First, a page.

Murphy is expected to push the date for mailing ballots to around September 26, but federal law requires military and overseas ballots to go out by September 19.  Many of those ballots are sent by email.

That gives county election officials just six weeks to prepare.

A vote-by-mail general election could result in considerable vote-counting delays.

Nearly 1.47 million voters participated in the July primary election, about 87% of them through vote-by-mail ballots.

It took some counties more than a month to certify the results of that election.

Machines to count ballots vary by county.  Some places, like Essex, have purchased equipment that can count up to 40,000 ballots per hour.  Other counties move at a substantially reduced speed.

If 2020 turnout mirrors the last two presidential elections – 68% in 2016 and 67% in 2012 – that could mean an additional 2.75 million ballots would need to be counted.

It’s not clear whether Murphy will authorize early counting, an often controversial option that allows election officials to count votes before Election Day.

In New Jersey, where county party chairs appoint members of the Board of Elections, it might be challenging to keep early vote totals confidential.

Murphy has been a longtime supporter of early voting, where voters can go to a polling location to cast their ballots in-person before Election Day.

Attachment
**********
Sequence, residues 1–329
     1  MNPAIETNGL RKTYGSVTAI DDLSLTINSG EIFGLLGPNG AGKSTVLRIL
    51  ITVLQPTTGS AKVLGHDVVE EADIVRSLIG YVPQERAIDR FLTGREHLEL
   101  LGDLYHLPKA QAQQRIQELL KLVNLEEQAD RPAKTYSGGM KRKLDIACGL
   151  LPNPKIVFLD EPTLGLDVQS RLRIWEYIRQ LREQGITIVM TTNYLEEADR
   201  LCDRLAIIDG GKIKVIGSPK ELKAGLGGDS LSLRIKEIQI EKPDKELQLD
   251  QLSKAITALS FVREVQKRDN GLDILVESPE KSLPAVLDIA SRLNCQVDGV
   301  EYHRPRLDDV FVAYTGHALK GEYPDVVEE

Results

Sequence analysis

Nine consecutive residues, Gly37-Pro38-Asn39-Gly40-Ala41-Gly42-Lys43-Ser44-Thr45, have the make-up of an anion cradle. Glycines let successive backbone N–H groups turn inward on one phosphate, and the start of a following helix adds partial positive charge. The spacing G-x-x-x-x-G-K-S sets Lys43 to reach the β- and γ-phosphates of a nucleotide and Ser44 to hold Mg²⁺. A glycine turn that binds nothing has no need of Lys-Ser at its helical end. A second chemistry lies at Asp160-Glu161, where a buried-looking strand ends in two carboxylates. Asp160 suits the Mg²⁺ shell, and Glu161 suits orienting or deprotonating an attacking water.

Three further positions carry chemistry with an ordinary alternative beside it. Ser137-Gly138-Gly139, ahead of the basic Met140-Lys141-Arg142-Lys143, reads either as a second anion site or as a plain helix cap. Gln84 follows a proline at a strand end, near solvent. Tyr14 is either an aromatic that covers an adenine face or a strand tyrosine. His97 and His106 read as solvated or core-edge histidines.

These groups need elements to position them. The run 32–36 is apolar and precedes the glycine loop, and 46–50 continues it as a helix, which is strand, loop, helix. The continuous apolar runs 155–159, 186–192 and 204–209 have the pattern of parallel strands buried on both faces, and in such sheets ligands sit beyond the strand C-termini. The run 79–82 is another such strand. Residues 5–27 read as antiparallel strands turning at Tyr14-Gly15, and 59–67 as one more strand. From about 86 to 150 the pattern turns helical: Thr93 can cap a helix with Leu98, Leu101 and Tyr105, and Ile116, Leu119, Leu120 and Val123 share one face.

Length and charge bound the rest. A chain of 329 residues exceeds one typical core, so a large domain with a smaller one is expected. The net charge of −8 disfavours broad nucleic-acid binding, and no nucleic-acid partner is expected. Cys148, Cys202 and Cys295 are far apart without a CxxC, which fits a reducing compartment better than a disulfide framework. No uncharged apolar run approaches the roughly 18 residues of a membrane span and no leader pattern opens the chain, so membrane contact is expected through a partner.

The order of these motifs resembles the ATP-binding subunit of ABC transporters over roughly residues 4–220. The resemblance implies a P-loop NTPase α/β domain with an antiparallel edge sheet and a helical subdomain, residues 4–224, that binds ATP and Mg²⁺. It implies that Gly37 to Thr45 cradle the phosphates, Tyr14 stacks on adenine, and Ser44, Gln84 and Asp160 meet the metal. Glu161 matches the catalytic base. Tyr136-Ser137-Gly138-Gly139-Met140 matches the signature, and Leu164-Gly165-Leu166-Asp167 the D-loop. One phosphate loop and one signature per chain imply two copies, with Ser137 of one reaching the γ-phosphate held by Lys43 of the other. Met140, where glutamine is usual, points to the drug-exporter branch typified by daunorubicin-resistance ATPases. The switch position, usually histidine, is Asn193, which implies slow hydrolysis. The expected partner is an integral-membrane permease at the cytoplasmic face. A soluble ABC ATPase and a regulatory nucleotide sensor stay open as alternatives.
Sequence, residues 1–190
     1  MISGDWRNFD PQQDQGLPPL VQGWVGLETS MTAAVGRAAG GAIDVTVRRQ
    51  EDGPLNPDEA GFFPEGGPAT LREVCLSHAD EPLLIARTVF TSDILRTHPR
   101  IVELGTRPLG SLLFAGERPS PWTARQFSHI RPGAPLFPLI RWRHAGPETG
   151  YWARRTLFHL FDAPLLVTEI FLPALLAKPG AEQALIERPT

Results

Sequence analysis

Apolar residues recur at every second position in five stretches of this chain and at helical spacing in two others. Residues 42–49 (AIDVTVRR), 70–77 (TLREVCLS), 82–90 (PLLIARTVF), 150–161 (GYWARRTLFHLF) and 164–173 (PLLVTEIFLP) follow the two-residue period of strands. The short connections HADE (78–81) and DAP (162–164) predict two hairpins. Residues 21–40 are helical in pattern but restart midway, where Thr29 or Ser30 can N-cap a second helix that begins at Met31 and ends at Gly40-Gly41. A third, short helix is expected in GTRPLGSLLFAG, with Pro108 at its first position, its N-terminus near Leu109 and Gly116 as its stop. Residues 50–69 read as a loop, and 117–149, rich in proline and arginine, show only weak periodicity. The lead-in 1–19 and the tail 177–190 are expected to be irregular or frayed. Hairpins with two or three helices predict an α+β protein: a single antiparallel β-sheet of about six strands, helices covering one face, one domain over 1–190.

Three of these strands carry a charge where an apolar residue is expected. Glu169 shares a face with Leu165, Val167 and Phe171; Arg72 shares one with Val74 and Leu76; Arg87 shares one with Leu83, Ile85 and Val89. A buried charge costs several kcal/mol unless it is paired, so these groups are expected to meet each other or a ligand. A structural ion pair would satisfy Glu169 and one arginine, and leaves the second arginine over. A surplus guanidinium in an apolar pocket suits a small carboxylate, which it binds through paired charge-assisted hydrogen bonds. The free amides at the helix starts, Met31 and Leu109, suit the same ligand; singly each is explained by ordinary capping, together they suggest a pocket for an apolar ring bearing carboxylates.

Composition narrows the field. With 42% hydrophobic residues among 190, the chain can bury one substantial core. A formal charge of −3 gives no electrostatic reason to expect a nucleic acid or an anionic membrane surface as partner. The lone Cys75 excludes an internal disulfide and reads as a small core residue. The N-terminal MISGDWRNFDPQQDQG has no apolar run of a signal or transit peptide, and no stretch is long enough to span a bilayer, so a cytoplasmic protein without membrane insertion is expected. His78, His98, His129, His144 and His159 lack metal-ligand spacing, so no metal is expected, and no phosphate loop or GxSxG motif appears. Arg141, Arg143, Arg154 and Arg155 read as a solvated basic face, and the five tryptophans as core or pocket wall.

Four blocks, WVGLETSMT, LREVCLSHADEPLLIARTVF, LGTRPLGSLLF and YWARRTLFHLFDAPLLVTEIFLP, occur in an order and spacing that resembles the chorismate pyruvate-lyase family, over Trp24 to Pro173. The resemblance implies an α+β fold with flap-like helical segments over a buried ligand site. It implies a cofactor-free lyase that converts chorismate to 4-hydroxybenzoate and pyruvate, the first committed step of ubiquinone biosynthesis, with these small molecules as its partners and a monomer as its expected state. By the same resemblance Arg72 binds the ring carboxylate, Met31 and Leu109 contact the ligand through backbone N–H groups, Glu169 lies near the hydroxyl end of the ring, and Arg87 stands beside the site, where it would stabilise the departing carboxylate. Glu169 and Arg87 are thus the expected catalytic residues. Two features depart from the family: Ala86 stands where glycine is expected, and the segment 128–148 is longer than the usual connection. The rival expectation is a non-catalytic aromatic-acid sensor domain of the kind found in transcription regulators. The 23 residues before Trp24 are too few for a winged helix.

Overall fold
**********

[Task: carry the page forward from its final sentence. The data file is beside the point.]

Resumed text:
He said earlier this month that he remains hopeful that the legislature will pass an early voting law.

Senate President Steve Sweeney and Assembly Speaker Craig Coughlin both told the New Jersey Globe that they support early voting, although there is no indication that the legislature can get this done in time for the fall election.

Among the challenges are the necessity of electronic poll books and then technology for this system has not been tested.

The 2020 primary was the second-highest turnout in state history, surpassed only by a special 2008 presidential primary held on Super Tuesday.

President Donald Trump told Fox Business’ Maria Bartiromo today that would block any effort to use federal funds to pay for vote-by-mail balloting.

Trump has alleged that VBM elections will lead to voter fraud.

There were no allegations of voter fraud in the July New Jersey primary, but the May local elections resulted in the arrest of two winners of the Paterson City Council election for ballot tampering.

Trump’s new Postmaster General, Louis DeJoy, has initiated substantial changes to how the U.S. Postal Service processes mail, including slowing down deliveries and reducing some high-speed sorting equipment.

Democrats have expressed concern that the restricting of the postal service by the Trump administration would disenfranchise voters.

Delays in the delivery of ballots at both ends were experienced during the May and July VBM elections in New Jersey.

Gov. Phil Murphy and the state’s congressional delegation pressed U.S. Postal Service officials on their failures in May and applied some pressure to improve ballot delivery for the July primary.